So the truth is, is that it actually doesn't matter where I'm sitting eight months from now. What matters is that we all keep standing together on behalf of our kids. That's what matters. (Applause.) Because while you all might have felt more empowered these last six years because someone in the White House was excited about this issue, the real power lies with all of the parents and consumers, all the partners –- and, most importantly, all these kids that you all have helped to inspire.

And while next year I will no longer be First Lady, I just want you to know that I will always be here as a partner in this effort -- always. (Applause.)

So I'm not here today to give a victory speech, and these certainly aren't my closing remarks on this issue -- just the opposite. I was passionate about this issue long before I became First Lady, and I plan to work on it long after I leave the White House. Because as far as I'm concerned, everything we've done before today was simply phase one of our work together. That was phase one. (Applause.) And while we have accomplished a lot, we are just getting started.

Yes, it's true that childhood obesity rates have stopped rising for the first time in decades. Yes, it's true that rates are dropping for our youngest kids. But during this first phase, we haven't yet achieved the ultimate change we seek, which is to end our epidemic of childhood obesity once and for all. Instead, what we've done is been laying the groundwork for that change.

We've been finding innovative and inspirational new ways to raise awareness and create new products and build new programs and policies. And if we truly want to achieve our goal, we're going to need to continue and scale up these efforts, and we need to give them time to actually have their intended impact.

We also need to be thinking about the new voices, the champions, the new ideas we can bring to this work. Who's our next Steph Curry? What's the next FNV or Drink Up campaign? We got to keep it moving. (Laughter.) In this next phase, we're going to need to get even more creative, even more innovative. We've got to find new ways to reach these kids in ways they will hear it.

And we're also going to need some patience, real patience, and a whole lot of perseverance. Because as you all know, this is not a trendy issue of the month or even an issue of the year. This is a generational problem. It took us decades to get here, and it's going to take us years to climb our way back. And the only way we can do that is by continuing to focus on one thing and one thing only, and that is doing what's best for our kids.

See, if that is our North Star that guides everything we do, if we focus not just on our profit margins but on how our products affect our kids' health, if we realize that investments in P.E. and recess and nutritious school food are absolutely essential to ensure the success of all of our kids, if we keep pushing our kids at home just to eat their veggies every night, then we can absolutely reach our goal of raising a healthier generation.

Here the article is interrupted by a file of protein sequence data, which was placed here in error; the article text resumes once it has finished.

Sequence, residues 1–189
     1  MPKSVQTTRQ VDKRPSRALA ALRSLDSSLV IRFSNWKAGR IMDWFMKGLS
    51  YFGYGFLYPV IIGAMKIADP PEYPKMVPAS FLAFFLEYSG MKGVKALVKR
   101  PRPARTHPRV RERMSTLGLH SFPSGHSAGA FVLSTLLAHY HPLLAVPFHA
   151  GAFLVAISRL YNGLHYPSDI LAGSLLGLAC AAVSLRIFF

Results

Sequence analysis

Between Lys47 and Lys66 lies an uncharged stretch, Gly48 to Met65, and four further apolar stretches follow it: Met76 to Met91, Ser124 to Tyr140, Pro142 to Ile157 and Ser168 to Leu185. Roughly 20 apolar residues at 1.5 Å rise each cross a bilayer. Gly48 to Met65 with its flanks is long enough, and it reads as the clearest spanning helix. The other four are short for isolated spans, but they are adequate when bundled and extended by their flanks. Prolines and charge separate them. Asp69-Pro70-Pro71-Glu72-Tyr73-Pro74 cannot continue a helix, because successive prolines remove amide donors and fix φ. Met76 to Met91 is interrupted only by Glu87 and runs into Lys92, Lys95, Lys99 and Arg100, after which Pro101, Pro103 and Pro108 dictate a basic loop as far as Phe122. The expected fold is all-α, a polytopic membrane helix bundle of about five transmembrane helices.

So when we encounter folks with an agenda that doesn't include our kids' health, we can't get tired. We can't get frustrated. We can't give up. Because we know that those folks aren't our biggest obstacle. Our biggest obstacle is our own complacency.

And when one in three kids in this country is still overweight or obese; when we're spending billions of dollars treating obesity-related conditions; when four-star generals are sounding the alarm on this issue because they are struggling to recruit young people who can meet the fitness standards of our military -- then the stakes are far too high to back down even for a single second.

So let me end with a quote from Donna Martin. Donna is the Director of the School Nutrition Program for the Burke County Public School System that I talked about earlier. In a blog post that she wrote after my visit, she says: "This is our chance to help mold the future that our children will endure for the rest of their lives. It goes without saying that regardless of political stance, personal or religious beliefs, that is a statement that we can all believe in."

And I couldn't agree more. And that's why I'm in this, and I'm in this for life. I'm in this until we fix this.

So today, I want to ask all of you: Are you in this with me? (Applause.) What's that? Are you all in this? (Applause.) Wait, wait, come on, PHA Summit, are you guys in? Are you ready for this fight? Are you ready to keep adding commitments and building on this success? (Applause.) Because I'm in. I am so far in. We have gotten so much done. (Applause.)

I am so glad to hear that, because we have a lot of work ahead of us, but if we keep coming together and digging deep, and making real investments in our kids' health, then I know we can solve this problem. We're on our way. I know we can give every child in this country the bright future that we know they deserve. I am so grateful to you all. Congratulations for everything you have done and what you will continue to do. Let's roll up our sleeves and keep it going.

Thank you all so much. God bless. (Applause.)

Michelle Obama, Remarks by the First Lady at the Partnership for a Healthier America's Building a Healthier America Summit Online by Gerhard Peters and John T. Woolley, The American Presidency Project https://www.presidency.ucsb.edu/node/320861